Character Blog

Peacemaking – I can seek peace rather than stirring up trouble with others

By December 3, 2019 No Comments

“Hatred stirs up strife; but love covers all sins.” Proverbs 10:12

Conflict is an inescapable part of our lives.  It dwells within our families and homes and within our businesses amongst coworkers and customers. Even sacred places, like churches, are not exempt from the threat of an occasional dispute.

Off the top of your head, how many relationships do you know of that have been broken because of unresolved conflict? Sadly, sometimes there is simply no other solution than to part ways. However, we can see through Scripture that God encourages us, even commands us, to always seek peacemaking as our first course of action when it comes to resolving conflict.

In Matthew 5:9 Christ, who is described as the Prince of Peace in the book of Isaiah, teaches “Blessed are the peacemakers, for they are the children of God.” The children of God are equated with being peacemakers. The two are intertwined, our walk of faith should include the pursuit of peace.

CALL TO ACTION

What can we do to be the peacemakers that Christ desires us to be?

  1. Deal with Conflict – Avoiding situations that involve conflict is not the answer. Ignoring does not make the issue go away. In fact, it is often made worse the longer it goes unanswered. Purposeful peacemaking doesn’t let conflict fester but rather identifies and deals with an issue sooner rather than later.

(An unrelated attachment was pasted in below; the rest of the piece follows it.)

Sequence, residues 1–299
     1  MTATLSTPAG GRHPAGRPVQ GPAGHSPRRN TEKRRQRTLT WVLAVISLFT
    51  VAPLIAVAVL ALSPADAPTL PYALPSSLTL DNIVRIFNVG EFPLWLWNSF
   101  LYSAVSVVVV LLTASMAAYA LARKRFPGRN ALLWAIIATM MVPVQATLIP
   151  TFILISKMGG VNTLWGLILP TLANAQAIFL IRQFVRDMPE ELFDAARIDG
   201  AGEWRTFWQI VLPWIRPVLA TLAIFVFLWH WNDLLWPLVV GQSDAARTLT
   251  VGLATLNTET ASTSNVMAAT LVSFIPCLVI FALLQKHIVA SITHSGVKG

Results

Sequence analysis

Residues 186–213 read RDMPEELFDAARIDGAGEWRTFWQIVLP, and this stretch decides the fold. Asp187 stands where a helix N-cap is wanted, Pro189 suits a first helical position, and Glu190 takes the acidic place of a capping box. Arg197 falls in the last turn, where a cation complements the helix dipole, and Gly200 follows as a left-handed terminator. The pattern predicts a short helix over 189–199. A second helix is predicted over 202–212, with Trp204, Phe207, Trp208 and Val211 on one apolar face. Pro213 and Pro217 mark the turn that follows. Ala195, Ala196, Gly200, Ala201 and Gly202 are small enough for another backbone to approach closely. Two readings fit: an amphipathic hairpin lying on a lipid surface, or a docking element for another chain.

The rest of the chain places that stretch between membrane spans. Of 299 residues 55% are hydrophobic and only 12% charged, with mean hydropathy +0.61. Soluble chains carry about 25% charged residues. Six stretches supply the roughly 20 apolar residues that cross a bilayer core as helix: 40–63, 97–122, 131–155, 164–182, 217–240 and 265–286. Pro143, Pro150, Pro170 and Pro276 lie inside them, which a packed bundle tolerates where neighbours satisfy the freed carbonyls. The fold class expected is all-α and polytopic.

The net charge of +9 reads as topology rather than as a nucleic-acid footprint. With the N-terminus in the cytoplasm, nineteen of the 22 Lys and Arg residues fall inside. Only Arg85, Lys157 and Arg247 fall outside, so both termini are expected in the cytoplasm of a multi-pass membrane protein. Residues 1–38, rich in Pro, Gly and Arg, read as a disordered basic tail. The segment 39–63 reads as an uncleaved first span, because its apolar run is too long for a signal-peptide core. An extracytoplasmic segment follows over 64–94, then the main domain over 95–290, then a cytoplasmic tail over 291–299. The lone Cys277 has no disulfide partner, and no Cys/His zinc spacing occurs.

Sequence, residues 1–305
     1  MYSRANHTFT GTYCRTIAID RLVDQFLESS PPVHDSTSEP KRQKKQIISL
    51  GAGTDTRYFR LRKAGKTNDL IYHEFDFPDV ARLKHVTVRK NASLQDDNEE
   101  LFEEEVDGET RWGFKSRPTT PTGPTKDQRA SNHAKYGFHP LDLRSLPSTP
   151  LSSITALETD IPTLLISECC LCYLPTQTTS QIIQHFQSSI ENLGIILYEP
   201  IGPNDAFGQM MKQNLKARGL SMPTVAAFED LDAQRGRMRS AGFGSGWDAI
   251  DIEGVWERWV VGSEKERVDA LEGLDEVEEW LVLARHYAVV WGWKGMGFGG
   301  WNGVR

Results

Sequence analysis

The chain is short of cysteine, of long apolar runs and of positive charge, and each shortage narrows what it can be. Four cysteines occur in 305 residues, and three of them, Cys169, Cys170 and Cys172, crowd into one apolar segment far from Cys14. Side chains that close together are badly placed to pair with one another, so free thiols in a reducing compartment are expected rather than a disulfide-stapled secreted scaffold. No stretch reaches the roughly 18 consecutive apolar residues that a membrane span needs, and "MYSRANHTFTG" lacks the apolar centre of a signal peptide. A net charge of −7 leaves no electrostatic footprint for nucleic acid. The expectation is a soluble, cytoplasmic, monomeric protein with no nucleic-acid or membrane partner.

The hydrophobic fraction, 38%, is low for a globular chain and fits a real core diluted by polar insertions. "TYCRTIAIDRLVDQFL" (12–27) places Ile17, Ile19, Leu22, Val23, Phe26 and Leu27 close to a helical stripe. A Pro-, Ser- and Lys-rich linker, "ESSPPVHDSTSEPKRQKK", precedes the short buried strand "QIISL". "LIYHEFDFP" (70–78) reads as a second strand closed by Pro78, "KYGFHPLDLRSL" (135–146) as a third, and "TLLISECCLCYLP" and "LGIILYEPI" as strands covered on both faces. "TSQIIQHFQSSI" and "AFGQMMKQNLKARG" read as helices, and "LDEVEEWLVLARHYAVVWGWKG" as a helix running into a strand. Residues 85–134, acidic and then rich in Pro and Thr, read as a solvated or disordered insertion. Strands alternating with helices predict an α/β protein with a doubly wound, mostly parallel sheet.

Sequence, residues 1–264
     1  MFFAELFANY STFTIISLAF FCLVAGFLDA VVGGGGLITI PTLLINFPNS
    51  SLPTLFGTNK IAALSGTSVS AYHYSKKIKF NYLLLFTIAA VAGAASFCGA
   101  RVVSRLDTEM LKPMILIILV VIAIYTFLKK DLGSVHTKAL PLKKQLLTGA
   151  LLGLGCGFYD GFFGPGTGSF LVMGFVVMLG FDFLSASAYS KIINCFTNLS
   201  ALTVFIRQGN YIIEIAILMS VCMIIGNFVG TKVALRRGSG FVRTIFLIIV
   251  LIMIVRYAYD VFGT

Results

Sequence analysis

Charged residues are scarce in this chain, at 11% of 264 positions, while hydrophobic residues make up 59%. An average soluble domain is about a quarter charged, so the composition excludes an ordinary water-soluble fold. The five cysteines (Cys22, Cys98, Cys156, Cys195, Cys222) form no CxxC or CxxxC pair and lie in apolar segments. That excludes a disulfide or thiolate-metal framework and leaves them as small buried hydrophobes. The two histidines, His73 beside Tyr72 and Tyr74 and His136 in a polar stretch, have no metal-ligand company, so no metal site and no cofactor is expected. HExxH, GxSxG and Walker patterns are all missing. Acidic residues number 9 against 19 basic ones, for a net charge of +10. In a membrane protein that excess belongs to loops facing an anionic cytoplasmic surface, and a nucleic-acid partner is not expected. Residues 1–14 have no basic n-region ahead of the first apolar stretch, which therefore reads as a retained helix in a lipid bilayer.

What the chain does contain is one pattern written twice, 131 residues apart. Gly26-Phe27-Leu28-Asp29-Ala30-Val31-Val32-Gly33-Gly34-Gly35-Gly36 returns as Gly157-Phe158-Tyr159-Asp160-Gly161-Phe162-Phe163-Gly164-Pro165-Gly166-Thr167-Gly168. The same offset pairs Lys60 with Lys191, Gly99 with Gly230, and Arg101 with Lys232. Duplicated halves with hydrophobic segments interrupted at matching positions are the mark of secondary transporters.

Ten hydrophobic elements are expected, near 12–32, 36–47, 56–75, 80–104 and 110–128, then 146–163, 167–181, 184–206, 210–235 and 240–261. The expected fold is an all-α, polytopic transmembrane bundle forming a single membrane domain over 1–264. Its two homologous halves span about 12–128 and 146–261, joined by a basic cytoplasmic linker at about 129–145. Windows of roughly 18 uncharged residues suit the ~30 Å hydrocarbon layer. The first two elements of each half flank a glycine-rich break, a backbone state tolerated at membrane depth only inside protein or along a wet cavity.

2. Avoid Unnecessary Conflict – You may not know the hearts of others, but you are very aware of your own intentions. Check those! Are you looking out for the good of those involved or are you stirring the pot? If it personally involves you, have you gone to the one who has offended you? That should always be the starting point (Matthew 18:15). If it doesn’t personally involve you, do you have permission to speak on behalf of someone it does involve?
  3. Be Humble – To be an effective peacemaker, one must possess humility.  There are times when resolving conflict means someone has to be the first to admit a wrong.  Sometimes there are even requests for forgiveness.  Being open and honest oftentimes requires vulnerability and that in itself is humbling.  We all have our weaknesses.  We all have our shortcomings. Remember, as my husband so wisely says, to meet people where they are and not where we think they should be.

“Peace is not absence of conflict, it is the ability to handle conflict by peaceful means.”

Ronald Reagan